A: You’re absolutely right. As we just talked about, as I look at that pre-1970 number of our students who went to HBCUs versus the 3 percent it is now, we are facing stiff competition. Obviously, because most young people today have been raised in a totally different era and time, they are used to certain things. They are more open. They are more technologically savvy, and they’re used to amenities that often times are not as available at HBCUs. There’s no doubt that when we’re comparing Mississippi Valley against Ole Miss and Mississippi State, our physical plants aren’t the same. A lot of those students are choosing predominately White institutions because, physical plant-wise, many HBCUs have not been able to keep up the way other schools have.

We say that today’s students make decisions as they’re walking, meaning based on what they see. ‘What type of room am I going to be living in?’ We all know there is a preference for single rooms, not the double-occupancy, small room. We know students want to see wireless all over the place. We know students want to see new student unions and recreation centers.

Unfortunately, because of those low endowments, because of some of the lack of funding received from the state government, we haven’t been able to keep up with predominately White institutions. That’s a major reason why we’re losing students. We need to maintain our small class sizes and the fact that we really do nurture students. We need to stay true to those missions.

Often, what has happened is that a lot of HBCUs have changed their mission and their focus by trying to chase other schools, and they really just need to stay true to their mission. For instance, there are schools that I know about and have been affiliated with who had good retention and graduation rates, but yet have sought to ‘recruit’ a better quality student. They have changed their admission standards in order to go after a higher SAT or GPA or ACT score student. In turn, they are not looking to serve students who have historically done extremely well at those institutions.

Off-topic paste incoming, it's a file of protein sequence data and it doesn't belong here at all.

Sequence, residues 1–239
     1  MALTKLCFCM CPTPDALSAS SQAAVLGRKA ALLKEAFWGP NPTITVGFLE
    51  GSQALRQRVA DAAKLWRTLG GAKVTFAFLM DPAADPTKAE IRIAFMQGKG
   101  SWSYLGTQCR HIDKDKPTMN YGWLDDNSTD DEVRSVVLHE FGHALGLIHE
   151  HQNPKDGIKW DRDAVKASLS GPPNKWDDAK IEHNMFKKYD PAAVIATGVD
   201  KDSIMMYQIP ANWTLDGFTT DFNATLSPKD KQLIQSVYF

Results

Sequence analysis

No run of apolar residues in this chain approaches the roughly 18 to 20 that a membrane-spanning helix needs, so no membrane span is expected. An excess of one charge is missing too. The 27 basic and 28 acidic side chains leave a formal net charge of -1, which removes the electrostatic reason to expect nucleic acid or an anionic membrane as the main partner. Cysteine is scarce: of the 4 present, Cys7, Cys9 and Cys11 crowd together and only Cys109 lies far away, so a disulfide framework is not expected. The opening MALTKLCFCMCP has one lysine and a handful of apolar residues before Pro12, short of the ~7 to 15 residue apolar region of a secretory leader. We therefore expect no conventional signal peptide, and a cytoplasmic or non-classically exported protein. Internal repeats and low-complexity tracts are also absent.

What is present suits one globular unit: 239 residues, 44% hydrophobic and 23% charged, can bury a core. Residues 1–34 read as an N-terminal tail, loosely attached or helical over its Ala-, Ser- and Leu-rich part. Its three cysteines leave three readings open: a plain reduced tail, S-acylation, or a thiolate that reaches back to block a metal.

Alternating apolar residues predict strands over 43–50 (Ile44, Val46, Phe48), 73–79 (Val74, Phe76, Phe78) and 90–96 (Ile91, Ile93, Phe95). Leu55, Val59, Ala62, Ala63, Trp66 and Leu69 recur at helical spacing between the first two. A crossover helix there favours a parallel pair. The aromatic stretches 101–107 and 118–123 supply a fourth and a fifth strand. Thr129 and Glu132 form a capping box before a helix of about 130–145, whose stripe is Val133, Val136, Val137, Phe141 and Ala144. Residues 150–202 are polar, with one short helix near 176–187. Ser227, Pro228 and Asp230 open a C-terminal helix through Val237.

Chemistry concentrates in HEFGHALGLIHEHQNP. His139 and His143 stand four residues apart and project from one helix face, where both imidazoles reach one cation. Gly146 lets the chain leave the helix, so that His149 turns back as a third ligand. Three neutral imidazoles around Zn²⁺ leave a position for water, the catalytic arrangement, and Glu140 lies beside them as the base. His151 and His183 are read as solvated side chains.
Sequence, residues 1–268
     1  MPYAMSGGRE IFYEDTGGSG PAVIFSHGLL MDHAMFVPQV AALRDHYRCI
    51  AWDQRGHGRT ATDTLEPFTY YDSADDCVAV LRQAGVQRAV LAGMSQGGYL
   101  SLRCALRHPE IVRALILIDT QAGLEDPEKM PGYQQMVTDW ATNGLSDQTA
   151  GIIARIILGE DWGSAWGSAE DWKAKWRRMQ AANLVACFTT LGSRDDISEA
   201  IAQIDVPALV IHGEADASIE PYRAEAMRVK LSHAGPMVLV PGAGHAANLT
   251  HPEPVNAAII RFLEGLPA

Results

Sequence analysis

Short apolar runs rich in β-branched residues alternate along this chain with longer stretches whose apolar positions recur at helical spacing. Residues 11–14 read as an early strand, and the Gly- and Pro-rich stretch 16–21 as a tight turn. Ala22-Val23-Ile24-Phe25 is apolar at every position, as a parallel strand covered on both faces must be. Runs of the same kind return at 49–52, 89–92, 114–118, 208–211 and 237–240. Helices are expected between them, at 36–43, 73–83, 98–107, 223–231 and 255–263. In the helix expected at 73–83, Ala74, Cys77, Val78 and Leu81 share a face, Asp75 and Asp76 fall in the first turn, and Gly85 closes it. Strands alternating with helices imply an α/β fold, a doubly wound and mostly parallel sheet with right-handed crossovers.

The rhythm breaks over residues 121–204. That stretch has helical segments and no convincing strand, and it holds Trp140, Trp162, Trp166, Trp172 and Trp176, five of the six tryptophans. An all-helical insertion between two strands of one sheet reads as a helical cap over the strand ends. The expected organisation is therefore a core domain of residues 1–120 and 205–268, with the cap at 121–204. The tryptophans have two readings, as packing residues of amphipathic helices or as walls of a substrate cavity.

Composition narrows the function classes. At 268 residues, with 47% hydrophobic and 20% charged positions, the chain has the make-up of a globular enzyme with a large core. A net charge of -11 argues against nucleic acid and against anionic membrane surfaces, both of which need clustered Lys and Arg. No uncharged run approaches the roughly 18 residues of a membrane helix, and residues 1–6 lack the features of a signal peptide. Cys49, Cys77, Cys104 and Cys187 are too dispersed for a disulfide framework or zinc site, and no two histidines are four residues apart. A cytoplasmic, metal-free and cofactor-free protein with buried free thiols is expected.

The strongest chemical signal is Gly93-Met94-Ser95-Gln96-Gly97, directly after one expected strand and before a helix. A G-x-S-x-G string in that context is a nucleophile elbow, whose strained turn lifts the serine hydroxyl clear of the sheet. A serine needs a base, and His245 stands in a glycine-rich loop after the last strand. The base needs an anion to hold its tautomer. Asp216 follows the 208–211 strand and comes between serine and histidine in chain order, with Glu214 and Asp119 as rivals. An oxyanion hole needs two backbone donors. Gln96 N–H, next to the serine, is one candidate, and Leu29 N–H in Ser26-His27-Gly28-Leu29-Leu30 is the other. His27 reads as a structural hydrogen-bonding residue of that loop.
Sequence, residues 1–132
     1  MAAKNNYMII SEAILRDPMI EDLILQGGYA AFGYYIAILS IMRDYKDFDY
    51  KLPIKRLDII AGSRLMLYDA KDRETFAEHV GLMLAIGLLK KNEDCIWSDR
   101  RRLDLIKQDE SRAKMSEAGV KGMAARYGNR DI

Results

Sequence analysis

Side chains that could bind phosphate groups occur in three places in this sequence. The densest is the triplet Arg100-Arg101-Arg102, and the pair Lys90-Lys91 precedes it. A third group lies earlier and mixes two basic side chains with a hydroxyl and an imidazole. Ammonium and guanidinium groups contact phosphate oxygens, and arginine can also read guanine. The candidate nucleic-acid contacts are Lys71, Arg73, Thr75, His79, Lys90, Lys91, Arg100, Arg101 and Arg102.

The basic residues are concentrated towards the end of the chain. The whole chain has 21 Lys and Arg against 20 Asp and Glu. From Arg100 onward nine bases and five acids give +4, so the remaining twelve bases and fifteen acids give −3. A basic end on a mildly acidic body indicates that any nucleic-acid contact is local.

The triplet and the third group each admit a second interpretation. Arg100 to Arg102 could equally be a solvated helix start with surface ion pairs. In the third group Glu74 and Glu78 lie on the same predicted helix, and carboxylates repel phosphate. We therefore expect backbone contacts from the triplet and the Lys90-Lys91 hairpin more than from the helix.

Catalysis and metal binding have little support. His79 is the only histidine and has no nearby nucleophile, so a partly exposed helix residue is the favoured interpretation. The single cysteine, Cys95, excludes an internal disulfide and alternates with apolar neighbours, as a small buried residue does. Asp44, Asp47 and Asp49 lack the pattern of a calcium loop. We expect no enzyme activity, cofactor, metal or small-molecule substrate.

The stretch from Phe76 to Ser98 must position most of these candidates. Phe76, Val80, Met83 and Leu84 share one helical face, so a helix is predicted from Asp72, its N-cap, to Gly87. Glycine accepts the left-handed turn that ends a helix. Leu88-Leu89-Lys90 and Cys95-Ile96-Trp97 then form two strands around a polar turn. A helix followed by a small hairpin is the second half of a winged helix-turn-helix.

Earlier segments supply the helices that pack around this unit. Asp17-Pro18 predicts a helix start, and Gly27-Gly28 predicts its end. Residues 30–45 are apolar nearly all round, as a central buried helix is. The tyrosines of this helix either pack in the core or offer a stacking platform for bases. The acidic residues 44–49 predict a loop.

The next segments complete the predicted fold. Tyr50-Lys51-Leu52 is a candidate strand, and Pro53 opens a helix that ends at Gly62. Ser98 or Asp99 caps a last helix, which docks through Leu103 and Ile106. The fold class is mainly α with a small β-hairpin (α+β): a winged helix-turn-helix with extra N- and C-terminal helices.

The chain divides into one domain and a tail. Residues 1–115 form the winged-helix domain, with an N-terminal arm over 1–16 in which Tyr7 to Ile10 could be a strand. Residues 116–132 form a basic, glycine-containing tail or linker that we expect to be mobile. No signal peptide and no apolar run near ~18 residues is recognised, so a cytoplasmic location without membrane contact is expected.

I think we have to be very careful at HBCUs. Again, we need to get back to the basics and get back to our foundation. We need to really understand we have a certain niche, and our niche is being able to work with students and prepare students, give them the support and individual attention and nurturing they need, so that they can, indeed, really prosper and graduate. What has happened instead is too many HBCUs put emphasis on SAT and ACT scores, which we know our students don’t do as well on and factually are not the best determinants for graduation for Black students.